Freiburg University, Germany
Past possession and past obligation in traditional British English dialects: the case of had got to
This paper investigates the connections between possessive HAVE GOT and obligational HAVE GOT TO in spoken traditional British English dialects. The data is comprised of four subcorpora of 180,000 words each from the Freiburg Corpus of English dialects (FRED), representing the Southeast, the Southwest, the North and the Midlands. It will be argued that the non-standard past tense obligation marker had got to found in the dialect data cannot be explained as an extension of present tense have got to but developed independently as an extension of the subcategorization frame of the possessive past tense construction had got.
The development of the strong obligation marker HAVE GOT TO in English has been explained as an extension of the subcategorization frame of possessive HAVE GOT from nominal to infinitival complements. The extension is motivated by an analogy of the subcategorization frame of HAVE GOT to that of HAVE, where HAVE + NP and HAVE + infinitive yield possessive and obligational meaning respectively (Groenemeyer 1999: 34; Krug 2000: 64).
HAVE GOT TO is restricted to the present tense in Standard English (Krug 2000: 108; Coates 1983: 54). While the Southwest and the North share this restriction, the Midlands and the Southeast allow for non-standard had got to which competes with had to and accounts for 30% and 15% of all past tense obligation contexts respectively.
At first glance, had got to might be interpreted as an extension of have got to to past tense contexts. Evidence from the dialect data, however, suggests that had got to developed independently of have got to.
While the presence of obligational had got to correlates with the presence of possessive had got in the Midlands and the Southeast, neither of the two can be found in the North and the Southwest material, where past tense possession and past tense obligation are rendered by had and had to exclusively. An account postulating a simple extension of have got to to past tense contexts fails to capture the obvious correlation of occurrence between had got and had got to.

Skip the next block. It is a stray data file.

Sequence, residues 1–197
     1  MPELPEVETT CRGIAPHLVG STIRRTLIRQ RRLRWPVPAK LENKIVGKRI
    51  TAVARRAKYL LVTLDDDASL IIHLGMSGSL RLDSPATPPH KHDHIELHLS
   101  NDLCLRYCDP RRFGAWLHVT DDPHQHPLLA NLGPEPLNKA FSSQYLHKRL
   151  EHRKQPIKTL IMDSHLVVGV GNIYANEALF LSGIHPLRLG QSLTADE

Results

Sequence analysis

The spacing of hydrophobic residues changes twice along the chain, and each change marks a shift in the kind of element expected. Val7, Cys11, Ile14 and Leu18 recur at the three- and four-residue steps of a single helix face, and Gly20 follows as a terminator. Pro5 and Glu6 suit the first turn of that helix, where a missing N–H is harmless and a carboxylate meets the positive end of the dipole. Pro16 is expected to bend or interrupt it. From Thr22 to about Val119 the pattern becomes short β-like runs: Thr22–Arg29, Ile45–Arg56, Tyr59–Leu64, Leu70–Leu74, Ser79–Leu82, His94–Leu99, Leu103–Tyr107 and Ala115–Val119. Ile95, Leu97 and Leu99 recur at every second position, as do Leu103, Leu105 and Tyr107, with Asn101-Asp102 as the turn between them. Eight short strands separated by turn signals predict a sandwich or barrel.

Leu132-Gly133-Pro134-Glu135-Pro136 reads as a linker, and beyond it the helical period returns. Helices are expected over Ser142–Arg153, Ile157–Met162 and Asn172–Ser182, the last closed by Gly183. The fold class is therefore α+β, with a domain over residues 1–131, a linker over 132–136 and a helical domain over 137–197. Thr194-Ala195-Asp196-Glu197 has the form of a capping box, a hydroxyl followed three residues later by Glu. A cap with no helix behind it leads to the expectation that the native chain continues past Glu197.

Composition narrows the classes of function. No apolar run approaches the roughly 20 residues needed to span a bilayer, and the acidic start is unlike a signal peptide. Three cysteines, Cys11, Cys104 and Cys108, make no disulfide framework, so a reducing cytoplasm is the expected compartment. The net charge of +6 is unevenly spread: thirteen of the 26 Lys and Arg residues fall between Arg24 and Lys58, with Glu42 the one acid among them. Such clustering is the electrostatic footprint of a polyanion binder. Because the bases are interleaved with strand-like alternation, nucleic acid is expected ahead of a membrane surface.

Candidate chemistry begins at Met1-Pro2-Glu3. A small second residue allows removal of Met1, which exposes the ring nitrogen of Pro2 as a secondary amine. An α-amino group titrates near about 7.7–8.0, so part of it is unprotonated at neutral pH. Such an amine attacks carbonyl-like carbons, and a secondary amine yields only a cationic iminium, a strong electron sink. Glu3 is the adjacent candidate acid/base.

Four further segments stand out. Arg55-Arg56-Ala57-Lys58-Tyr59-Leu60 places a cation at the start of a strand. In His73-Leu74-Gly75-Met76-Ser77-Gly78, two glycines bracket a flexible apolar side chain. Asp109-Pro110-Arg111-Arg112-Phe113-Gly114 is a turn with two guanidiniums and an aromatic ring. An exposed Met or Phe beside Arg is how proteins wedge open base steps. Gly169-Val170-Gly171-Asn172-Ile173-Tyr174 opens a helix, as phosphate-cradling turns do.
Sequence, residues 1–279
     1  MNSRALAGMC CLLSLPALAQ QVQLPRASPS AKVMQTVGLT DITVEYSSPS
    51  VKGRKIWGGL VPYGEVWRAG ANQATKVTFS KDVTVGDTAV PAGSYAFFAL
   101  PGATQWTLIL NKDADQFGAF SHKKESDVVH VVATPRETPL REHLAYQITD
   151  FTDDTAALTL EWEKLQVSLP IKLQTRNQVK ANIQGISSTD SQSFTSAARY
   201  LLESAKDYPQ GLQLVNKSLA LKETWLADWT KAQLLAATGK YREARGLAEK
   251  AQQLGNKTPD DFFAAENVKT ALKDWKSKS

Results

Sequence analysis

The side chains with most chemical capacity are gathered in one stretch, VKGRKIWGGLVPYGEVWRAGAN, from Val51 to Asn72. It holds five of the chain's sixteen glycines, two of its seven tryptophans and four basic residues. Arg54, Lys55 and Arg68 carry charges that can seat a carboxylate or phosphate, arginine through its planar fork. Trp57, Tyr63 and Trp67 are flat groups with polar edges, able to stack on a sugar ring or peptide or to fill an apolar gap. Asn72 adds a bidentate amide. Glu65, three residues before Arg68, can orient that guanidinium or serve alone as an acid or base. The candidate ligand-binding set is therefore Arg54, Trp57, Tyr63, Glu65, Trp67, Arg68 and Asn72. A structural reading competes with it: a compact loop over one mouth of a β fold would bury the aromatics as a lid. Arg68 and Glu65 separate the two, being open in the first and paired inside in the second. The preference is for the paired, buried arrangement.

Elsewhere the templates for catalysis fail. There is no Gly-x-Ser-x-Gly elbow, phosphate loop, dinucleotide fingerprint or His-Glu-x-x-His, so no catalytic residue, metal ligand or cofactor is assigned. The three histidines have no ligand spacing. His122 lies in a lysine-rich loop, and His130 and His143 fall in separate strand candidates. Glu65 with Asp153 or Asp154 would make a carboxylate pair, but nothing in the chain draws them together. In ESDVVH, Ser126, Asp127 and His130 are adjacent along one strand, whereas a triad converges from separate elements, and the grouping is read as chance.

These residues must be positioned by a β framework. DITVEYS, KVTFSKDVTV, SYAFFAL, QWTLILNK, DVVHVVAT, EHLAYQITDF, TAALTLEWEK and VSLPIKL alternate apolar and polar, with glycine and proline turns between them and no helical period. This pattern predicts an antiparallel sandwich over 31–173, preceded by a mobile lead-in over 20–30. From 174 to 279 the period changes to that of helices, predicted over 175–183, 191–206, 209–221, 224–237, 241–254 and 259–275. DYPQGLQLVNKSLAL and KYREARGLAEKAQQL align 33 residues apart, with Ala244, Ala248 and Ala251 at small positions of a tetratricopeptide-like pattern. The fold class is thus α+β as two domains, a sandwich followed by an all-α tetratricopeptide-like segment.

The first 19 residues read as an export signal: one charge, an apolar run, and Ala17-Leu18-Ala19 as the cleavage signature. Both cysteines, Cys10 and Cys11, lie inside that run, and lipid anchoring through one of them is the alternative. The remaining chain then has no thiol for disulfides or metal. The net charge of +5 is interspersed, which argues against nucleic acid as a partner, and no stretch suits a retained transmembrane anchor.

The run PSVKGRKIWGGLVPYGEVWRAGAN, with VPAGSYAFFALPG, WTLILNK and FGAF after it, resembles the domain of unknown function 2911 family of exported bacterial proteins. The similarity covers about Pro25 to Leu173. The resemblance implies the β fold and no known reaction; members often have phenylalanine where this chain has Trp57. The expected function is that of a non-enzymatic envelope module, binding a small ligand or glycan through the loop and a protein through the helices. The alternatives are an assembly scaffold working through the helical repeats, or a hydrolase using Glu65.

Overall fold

It is argued here that had got to developed as an extension of the subcategorization frame of had got from nominal to infinitival complements in the same way that its present tense counterpart have got to developed as an extension of the subcategorization frame of have got. This account provides a principled explanation of the correlation between the presence of possessive had got and obligational had got to in the dialect data and allows a unified account of the use of HAVE GOT TO in both Standard and non-standard varieties of British English.
Coates, Jennifer. 1983. The Semantics of the Modal Auxiliaries. London: Croom Helm.
Groenemeyer, Claire. 1998. On deriving complex polysemy: the grammaticalization of GET. English Language and Linguistics 3 (1): 1 – 39.
Krug, Manfred. 2000. Emerging English Modals. A Corpus-Based Study of Grammaticalization. Berlin, New York: Mouton de Gruyter.
Session: Paper session
Variation 6 (Syntactic)
Thursday, April 3, 2008, 15:45-17:15